Mission Four: Here I am, writing the post. As I said before, there were two male plenary speakers, both native speakers of English. As an attendee, you have no control over this. As for the other sessions, I didn’t plan to make a choice based on the speaker’s gender or their mother tongue, but after reading the workshop annotations, I was pleased to see that I’d picked three female presenters (one North American and two Czechs).
Petra Kacafírková’s topic was Leximapping – How to teach through mind maps. Now that I’ve seen the session, I realize that it was more interesting than the title had originally implied. I had expected to see a very practical workshop where we’d be shown different kinds of mind maps and techniques of incorporating them into an L2 classroom. This, I had thought, would come in handy in my teaching context. To my surprise, Petra grounded her assertions on some theory on how vocabulary is learned, which convinced me that she knew what she was talking about. I was impressed when after mentioning names such as Michael Lewis, Hugh Dellar, and Andrew Walkeley she added that “their approaches cause a bit of controversy these days but that she likes them anyway”. However, I sat up and took notice when she claimed that when we are being creative we use our right brain hemisphere. I really loved her PowerPoint presentation, which, in fact, was an interactive mindmap itself. I’d like to learn to design such a slideshow some day. Anyway, she introduced a couple of areas I’d like to further explore:
- Tony Buzan – the inventor of mind mapping
- leximapping.com. Unfortunately, as I’ve just discovered, you can only access the website if you buy the book. This is something that always discourages me.
You can access Petra’s conference material here.
The next session I had chosen to attend was called Mooveez: Teaching speaking made easy. Mooveez, the winner of the 2016 ELTon award for Digital Innovation, is an app for teaching English (and some other languages) through movies. This, again, was a bit of a product placement strategy, but I don’t really have a problem with it if it’s clear and obvious from the start. You can always choose not to go after all. The app looks cool at first sight and I’m definitely planning to explore it in more depth because I teach teenagers plus I believe that one can learn a lot through films. The only thing that discourages me is that the app is not designed for desktop computers – only smartphones and iPads (I think). Also, once you get the license, you can only work on three different devices. Thus it’s probably suitable for one’s personal use and/or 1-2-1 teaching but not for a regular L2 classroom. Although it’s not free (the club subscription costs 900 Czech crowns per year), there’s some stuff for a free trial. I know we teachers can’t expect to get everything for free but we celebrate if we do and we are disappointed if we don’t.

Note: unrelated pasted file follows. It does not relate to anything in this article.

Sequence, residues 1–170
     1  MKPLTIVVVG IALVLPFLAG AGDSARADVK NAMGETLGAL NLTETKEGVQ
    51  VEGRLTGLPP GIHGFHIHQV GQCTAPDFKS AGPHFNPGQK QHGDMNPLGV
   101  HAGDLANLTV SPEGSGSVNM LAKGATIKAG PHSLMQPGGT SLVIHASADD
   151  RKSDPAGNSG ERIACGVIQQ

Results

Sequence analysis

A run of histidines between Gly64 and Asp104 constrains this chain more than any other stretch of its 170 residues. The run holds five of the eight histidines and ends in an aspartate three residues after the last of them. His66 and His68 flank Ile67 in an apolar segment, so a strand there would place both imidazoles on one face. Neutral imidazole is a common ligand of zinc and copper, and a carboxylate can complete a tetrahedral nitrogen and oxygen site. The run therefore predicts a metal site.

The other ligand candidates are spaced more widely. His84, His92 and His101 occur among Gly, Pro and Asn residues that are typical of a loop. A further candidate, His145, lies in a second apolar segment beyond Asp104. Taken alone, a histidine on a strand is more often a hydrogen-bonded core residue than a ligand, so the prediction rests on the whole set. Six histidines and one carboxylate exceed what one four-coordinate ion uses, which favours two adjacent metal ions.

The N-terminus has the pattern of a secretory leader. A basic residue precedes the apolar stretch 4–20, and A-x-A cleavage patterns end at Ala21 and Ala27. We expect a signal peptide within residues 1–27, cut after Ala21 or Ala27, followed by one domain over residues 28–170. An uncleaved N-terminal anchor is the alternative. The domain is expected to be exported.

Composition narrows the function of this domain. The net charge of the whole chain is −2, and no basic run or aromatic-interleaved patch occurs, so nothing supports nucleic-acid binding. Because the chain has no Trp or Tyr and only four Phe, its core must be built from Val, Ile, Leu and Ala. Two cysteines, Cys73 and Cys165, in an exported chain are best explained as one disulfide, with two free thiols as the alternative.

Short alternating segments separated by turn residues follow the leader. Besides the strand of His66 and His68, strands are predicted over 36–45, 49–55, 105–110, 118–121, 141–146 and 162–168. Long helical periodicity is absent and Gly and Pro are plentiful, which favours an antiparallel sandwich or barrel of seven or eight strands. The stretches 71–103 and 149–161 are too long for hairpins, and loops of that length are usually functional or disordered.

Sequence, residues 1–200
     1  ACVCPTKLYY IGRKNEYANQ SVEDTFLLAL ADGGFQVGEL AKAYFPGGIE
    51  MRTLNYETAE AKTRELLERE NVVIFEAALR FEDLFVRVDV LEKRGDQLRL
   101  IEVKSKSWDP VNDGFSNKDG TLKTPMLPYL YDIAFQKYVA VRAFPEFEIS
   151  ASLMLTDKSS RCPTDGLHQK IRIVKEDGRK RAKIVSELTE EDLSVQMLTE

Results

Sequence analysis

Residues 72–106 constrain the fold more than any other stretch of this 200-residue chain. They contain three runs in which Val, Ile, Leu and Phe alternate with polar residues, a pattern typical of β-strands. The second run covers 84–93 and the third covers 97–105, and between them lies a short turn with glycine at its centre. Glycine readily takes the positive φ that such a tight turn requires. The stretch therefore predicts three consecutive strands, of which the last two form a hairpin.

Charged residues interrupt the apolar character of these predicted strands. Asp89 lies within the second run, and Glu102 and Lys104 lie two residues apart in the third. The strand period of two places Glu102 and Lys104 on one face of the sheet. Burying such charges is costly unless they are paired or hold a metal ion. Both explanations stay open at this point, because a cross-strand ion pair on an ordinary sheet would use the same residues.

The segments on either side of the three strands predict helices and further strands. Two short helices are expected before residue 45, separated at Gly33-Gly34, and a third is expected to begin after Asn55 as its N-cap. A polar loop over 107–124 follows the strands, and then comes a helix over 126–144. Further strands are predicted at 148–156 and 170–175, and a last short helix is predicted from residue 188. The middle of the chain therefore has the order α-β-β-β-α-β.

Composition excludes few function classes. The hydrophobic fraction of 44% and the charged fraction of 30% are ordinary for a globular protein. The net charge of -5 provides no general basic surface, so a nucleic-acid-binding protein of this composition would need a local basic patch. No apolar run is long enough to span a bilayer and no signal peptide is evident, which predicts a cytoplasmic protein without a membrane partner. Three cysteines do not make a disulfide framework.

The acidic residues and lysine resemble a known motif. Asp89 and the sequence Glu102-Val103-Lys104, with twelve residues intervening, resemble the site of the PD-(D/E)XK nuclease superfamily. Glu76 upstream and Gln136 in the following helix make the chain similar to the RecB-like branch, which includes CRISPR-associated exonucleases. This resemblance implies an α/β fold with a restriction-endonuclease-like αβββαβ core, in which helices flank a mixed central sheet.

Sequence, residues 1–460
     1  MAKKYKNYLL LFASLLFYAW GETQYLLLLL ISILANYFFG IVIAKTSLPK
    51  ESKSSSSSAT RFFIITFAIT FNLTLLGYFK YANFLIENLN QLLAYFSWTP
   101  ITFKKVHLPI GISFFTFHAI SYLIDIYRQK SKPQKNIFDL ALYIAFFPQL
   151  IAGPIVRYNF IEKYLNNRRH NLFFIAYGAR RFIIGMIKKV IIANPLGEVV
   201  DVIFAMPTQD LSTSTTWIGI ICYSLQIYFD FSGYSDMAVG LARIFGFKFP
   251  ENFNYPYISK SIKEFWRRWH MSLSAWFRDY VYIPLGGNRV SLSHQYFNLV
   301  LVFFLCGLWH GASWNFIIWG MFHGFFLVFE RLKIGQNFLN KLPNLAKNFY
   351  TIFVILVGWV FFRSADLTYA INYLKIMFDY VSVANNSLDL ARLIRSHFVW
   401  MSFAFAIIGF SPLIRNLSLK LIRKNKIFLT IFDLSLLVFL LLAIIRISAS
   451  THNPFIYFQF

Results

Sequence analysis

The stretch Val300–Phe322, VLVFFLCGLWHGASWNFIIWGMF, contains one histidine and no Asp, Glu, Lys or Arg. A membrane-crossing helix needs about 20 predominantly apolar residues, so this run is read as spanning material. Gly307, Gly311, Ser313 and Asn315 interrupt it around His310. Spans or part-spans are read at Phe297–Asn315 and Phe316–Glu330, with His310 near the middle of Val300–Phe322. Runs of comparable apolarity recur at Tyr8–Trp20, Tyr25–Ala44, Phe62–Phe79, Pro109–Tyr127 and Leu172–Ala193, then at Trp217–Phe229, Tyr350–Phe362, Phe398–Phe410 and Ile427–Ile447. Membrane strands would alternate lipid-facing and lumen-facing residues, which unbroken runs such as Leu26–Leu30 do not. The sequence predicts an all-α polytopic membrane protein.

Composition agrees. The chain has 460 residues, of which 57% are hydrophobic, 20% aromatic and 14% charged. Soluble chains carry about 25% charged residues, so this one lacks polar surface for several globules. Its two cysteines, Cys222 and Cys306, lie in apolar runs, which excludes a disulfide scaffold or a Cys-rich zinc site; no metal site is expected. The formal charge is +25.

There’s a little anecdote I’d like to share here: at the beginning of the session, the presenter, Jane Mataruga, asked if there were any native speakers of English in the room. Jane thought that if there weren’t, she could speak Czech. However, a couple of hands went up. At first, I thought that maybe she wasn’t too confident in English. Obviously, I was wrong because she immediately continued in her flawless English. I considered it a nice gesture from her to offer to speak Czech in a room full of Czechs. On the other hand, many teachers come to conferences to listen to ‘nice’ English, as they put it, so they might be a little disappointed if a speaker opted for Czech.
The last session was delivered by Christine Thompson and it was called What not to correct (or when to just leave well enough alone). I liked Christine’s talk a lot. Instead of summarizing it, I’ve decided to write a list of questions we discussed during the workshop because a good question is worth a thousand words:
- What constitutes an error?
- Why do we correct errors?
- Is error correction good for our students?
- Does error correction eliminate errors?
- What particular error/area drives me crazy?
- What makes an utterance wrong?
- What are the good reasons to correct?
- What are the bad reasons to correct?
- How would I feel if I was corrected?
- Will you correct this? Won’t you? Why?
- How can we define standardization?
A personal conclusion I made for myself after the session:
We should be careful about how much and how often we correct. The more resolute we are in this respect, the more rigid our students will be in the future regarding the incorrectness of other people’s englishes. This is not a good approach in the days of the rise of English as a global language.
Thanks for reading!
See you again in November.